The monument bearing the names of Laila Naomi Yosef, Tamar Baumgarten and Miriam Ossiya was inaugurated this week with the participation of a few Palmah survivors. The item was broadcast several times with the comment that there had been no response from the Sharon family. But later in the day there was an update stating that the family claimed that it had never been approached and would never think of objecting to a memorial of this kind.
■ IT IS customary for Paul Israel, the executive director of the Israel-Australia Chamber of Commerce, to organize a traditional Friday night dinner for trade, academic and other missions that come to Israel from Australia under the auspices of the IACC’s sister chamber, the Australia-Israel Chamber of Commerce.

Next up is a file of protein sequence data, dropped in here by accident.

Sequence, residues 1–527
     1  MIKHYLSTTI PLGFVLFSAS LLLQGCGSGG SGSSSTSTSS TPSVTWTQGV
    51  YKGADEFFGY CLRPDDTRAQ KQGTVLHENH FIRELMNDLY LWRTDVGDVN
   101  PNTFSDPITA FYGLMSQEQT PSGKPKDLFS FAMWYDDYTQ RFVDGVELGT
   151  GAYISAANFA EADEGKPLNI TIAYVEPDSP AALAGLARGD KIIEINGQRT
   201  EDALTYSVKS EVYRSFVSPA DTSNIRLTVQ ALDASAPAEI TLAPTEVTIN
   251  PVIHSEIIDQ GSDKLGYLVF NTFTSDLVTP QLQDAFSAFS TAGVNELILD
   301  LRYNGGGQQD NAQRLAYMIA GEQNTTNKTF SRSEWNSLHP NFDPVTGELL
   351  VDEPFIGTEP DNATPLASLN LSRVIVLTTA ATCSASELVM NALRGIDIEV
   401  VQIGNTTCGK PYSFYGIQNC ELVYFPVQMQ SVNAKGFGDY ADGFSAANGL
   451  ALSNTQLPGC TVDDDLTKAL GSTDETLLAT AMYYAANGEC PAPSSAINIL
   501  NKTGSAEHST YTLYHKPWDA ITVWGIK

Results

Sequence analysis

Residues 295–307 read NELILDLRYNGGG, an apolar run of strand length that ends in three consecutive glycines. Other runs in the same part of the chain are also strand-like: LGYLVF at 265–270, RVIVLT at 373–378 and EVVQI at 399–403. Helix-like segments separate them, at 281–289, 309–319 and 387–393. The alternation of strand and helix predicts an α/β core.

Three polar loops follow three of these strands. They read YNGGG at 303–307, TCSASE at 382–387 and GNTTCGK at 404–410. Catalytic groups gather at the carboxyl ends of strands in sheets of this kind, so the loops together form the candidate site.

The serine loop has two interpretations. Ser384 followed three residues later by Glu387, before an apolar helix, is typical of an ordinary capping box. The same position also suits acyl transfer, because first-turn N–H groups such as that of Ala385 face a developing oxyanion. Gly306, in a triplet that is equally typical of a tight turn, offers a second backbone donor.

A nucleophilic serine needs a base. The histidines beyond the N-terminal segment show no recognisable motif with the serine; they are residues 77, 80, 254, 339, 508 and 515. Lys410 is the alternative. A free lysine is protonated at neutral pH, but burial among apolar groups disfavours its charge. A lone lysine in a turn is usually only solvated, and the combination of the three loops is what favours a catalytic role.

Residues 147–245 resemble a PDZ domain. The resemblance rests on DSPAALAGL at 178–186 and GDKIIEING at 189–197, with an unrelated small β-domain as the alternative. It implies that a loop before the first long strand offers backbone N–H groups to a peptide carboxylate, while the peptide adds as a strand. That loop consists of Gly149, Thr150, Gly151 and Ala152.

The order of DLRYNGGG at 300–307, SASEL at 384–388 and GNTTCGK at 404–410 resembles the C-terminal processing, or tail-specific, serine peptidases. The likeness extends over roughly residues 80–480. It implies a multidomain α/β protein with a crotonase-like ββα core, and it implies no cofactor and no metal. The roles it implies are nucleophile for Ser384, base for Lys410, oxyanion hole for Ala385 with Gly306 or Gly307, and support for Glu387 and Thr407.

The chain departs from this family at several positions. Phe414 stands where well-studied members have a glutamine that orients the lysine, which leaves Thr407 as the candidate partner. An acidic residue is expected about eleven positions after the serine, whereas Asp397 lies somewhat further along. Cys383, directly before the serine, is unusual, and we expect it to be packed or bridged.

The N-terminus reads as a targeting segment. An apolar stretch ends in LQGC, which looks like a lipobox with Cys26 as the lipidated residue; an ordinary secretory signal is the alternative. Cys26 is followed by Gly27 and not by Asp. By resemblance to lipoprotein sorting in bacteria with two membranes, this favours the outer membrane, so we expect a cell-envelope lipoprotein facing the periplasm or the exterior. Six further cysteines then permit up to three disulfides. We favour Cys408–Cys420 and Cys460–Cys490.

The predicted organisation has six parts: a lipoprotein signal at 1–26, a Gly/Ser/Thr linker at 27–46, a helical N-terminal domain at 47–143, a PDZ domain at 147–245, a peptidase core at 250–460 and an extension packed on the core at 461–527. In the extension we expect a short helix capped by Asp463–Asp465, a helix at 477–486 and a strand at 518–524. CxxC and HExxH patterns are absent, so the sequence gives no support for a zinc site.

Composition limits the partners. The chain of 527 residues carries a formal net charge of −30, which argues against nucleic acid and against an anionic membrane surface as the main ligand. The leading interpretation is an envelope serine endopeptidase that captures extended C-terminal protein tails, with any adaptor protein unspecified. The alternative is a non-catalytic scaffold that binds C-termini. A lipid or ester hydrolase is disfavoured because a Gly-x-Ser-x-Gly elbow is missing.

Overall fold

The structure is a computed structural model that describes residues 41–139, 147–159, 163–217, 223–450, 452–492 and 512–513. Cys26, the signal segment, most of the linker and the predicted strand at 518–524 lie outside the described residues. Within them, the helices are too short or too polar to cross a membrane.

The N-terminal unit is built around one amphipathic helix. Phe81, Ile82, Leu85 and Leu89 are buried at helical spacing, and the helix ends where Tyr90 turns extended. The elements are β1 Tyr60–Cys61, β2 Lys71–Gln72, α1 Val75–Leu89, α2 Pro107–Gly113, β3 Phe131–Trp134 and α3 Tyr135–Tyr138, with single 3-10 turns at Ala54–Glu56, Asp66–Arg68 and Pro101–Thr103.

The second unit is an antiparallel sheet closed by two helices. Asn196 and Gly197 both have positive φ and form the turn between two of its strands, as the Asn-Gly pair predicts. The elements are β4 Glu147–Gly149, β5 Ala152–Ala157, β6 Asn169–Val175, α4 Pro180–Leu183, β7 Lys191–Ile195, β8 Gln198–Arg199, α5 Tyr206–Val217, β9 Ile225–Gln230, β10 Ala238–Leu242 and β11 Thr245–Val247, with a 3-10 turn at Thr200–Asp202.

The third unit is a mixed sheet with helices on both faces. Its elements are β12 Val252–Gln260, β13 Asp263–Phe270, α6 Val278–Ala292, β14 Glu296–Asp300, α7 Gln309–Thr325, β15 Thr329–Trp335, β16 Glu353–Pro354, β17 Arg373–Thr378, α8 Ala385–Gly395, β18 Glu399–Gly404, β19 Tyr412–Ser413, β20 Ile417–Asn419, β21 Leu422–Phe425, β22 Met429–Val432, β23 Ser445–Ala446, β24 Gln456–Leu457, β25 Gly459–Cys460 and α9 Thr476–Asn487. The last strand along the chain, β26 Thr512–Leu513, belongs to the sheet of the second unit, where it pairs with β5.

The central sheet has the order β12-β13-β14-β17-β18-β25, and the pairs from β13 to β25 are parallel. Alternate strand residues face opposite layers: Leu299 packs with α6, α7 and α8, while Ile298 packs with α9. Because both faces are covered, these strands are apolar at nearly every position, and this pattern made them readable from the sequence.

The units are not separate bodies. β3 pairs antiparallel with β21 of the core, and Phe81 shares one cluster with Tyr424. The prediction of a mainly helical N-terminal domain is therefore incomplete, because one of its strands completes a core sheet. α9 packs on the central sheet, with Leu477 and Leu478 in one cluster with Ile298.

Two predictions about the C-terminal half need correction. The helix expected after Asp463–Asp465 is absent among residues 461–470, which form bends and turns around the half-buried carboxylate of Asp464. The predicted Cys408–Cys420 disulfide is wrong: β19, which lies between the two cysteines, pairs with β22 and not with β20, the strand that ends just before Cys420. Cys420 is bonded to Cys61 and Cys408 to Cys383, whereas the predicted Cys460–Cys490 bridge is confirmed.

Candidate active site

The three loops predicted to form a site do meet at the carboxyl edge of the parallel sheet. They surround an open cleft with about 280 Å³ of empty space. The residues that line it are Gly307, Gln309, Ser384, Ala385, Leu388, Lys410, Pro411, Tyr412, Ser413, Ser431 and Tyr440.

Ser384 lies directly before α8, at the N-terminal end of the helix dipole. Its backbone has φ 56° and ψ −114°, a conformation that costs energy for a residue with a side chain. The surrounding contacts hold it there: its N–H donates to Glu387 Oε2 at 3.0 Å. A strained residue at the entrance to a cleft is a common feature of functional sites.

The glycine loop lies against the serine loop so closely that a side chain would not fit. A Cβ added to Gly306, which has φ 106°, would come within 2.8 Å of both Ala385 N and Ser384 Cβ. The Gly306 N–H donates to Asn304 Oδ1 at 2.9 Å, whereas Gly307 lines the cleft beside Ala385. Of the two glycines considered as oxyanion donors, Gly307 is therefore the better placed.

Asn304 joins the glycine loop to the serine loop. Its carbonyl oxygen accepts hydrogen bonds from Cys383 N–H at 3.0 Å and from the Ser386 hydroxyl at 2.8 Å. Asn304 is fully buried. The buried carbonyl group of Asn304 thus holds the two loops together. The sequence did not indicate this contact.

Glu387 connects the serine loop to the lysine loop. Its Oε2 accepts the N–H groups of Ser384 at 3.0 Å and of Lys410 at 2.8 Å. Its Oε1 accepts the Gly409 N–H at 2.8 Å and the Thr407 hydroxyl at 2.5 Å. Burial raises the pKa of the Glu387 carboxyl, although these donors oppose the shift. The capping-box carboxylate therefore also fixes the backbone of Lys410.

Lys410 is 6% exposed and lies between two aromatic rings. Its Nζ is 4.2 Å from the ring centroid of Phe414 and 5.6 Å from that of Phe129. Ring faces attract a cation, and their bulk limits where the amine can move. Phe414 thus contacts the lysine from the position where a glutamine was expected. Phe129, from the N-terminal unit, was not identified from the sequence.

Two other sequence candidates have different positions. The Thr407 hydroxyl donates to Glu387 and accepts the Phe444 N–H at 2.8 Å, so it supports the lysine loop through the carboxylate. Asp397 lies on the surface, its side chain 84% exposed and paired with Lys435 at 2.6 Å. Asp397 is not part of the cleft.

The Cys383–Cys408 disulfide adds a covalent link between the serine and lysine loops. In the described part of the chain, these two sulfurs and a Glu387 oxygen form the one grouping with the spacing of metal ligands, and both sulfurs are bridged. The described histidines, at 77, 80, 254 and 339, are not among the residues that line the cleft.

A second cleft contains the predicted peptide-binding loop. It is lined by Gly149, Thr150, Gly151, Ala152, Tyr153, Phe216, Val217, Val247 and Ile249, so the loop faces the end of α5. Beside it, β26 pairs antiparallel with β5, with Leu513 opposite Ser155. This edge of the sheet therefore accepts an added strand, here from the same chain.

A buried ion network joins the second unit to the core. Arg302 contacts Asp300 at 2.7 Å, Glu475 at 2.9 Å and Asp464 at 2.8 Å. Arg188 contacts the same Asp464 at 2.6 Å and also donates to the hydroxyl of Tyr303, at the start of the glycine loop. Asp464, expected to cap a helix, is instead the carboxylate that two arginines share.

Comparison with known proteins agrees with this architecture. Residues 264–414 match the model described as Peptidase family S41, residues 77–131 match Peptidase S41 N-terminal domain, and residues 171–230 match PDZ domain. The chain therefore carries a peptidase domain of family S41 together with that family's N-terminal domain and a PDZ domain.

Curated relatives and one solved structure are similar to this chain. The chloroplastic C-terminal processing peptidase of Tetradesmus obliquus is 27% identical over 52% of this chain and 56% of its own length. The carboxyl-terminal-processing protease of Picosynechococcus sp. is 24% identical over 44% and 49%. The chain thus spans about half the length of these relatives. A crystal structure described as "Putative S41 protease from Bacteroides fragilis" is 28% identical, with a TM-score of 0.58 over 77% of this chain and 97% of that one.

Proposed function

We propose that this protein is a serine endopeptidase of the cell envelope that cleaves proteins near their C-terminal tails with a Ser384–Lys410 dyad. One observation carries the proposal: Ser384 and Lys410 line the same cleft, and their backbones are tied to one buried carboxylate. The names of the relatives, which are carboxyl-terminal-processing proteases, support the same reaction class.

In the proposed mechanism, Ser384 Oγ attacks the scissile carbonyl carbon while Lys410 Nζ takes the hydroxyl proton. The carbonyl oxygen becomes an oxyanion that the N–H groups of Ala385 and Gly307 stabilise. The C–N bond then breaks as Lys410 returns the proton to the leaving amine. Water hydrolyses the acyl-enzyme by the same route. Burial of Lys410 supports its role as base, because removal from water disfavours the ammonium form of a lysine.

The delegations usually include a few members of the Australian Jewish community, but by and large are made up of non-Jews.
At the Friday dinner, the host or the guest of honor is usually an Orthodox rabbi, or an influential member of the Orthodox sector.
Although the missions travel to many parts of Israel and stay overnight in two, three or even more different places, the Friday night dinners are always held in Jerusalem, and sometimes the whole delegation is taken to Jerusalem’s Great Synagogue to experience the Sabbath service and to learn that although Israel per se operates in accordance with the Gregorian calendar, anything to do time-wise with the Jewish or Muslim faiths is in accordance with a lunar calendar.